(5) CBPR and the Internet: Increasing HIV Testing Through Chat Room-Based Promotion. The goal of this NIMH-funded community-based participatory research (CBPR) study is to increase HIV testing among gay and bisexual men and men who have sex with men (MSM) through the development, implementation, and evaluation of a culturally relevant Internet chat room-based intervention in partnership with Triad Health Project, Greensboro, NC.

(6) HIV among Rural Latino Gay Men and MSM in the Southeast. The goal of this NICHD-funded community-based participatory research (CBPR) study is to explore the social and sexual networking patterns and behavioral, psychological, and socio-cultural correlates of HIV risk among predominantly Spanish-speaking rural Latino gay and bisexual men and Latino men who have sex with men (MSM).

(7) Trabajando Juntos: Working Together for Health Disparities Reduction. The goal of this NIMH-funded, community-based participatory research (CBPR) study is to reduce the risk of HIV infection among immigrant Latino men through the refinement, implementation, and evaluation of an intervention entitled: HoMBReS: Hombres Manteniendo Bienestar y Relaciones Saludables (Men Maintaining Wellness and Healthy Relationships) in partnership with Chatham Social Health Council, Siler City, NC. This study is commonly referred to as HoMBReS-2 because it builds off the original CDC-funded CBPR study that developed and first implemented the HoMBReS pilot study. HoMBReS-2 uses a small group format and does not use a lay health advisor strategy. Dr. Rhodes served as PI of the original HoMBReS study.

For information about this project see the CDC-sponsored 2007 webcast

(8) Use of Prescription Drugs Obtained from Non-medical Sources for STD Treatment among Rural Latinos in the Southeast. The goals of this CDC-funded study are to (a) better understand and characterize use of prescription drugs obtained from non-medical sources for STD treatment; (b) identify potentially effective intervention approaches to reduce risky use of these drugs among predominantly Spanish-speaking adult male and female Latinos in the rural Southeastern United States (US); and (c) examine the composition of these drugs obtained from non-medical sources.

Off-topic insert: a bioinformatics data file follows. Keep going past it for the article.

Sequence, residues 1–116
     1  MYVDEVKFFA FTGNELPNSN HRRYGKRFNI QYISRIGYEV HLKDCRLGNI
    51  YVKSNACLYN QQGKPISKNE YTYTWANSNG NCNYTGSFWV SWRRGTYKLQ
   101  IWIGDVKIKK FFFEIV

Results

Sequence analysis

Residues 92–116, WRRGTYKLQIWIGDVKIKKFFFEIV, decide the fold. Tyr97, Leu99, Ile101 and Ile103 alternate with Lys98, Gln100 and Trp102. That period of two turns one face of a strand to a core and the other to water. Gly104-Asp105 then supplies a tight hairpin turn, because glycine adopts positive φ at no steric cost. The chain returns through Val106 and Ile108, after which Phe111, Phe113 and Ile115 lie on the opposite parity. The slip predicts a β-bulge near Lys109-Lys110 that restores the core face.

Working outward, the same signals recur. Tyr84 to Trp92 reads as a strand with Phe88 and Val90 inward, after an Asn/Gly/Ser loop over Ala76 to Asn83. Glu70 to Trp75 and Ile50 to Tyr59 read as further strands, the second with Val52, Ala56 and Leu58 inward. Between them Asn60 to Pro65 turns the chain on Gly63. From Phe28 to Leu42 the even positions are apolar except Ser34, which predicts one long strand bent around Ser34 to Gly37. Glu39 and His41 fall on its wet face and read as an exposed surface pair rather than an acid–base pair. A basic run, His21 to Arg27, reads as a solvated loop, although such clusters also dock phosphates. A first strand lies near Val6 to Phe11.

(9) Cervical Cancer Prevention for Latinas (C-CAPRELA). The goal of this NCI-funded study is to improve routine Pap smear screening among uninsured Latinas using a community-based empowerment program led by lay health advisors.

Dr. Rhodes also serves as co-investigator on other studies at WFUHS, the University of North Carolina at Greensboro (CDC-funded CBPR study to develop, implement, and evaluate an HIV prevention intervention for college-age African American men), and George Washington University.

In 2005, Dr. Rhodes was awarded: Outstanding Master Project Advisor Award by the WFUHS Physician Assistant Program in recognition for outstanding performance as a Master Project Advisor and an authentic commitment to community-based research.

In 2006, Dr. Rhodes was awarded: 2006 WFUHS New Investigator in Clinical Sciences Award for excellence in research, significant contributions to the biomedical sciences, and exceptional potential for an outstanding academic career.

In 2007, Dr. Rhodes was awarded: Professional and Community Service Award, Division of Public Health Sciences, WFUHS, for longstanding success in developing exceptional programs to address the public health needs of the greater community and expanding the public health outreach efforts of the Division and Institution.

In 2009, Dr. Rhodes was awarded: The HIV/AIDS Section Leadership Award, American Public Health Association, for his service as Section Chair, 2008-2009.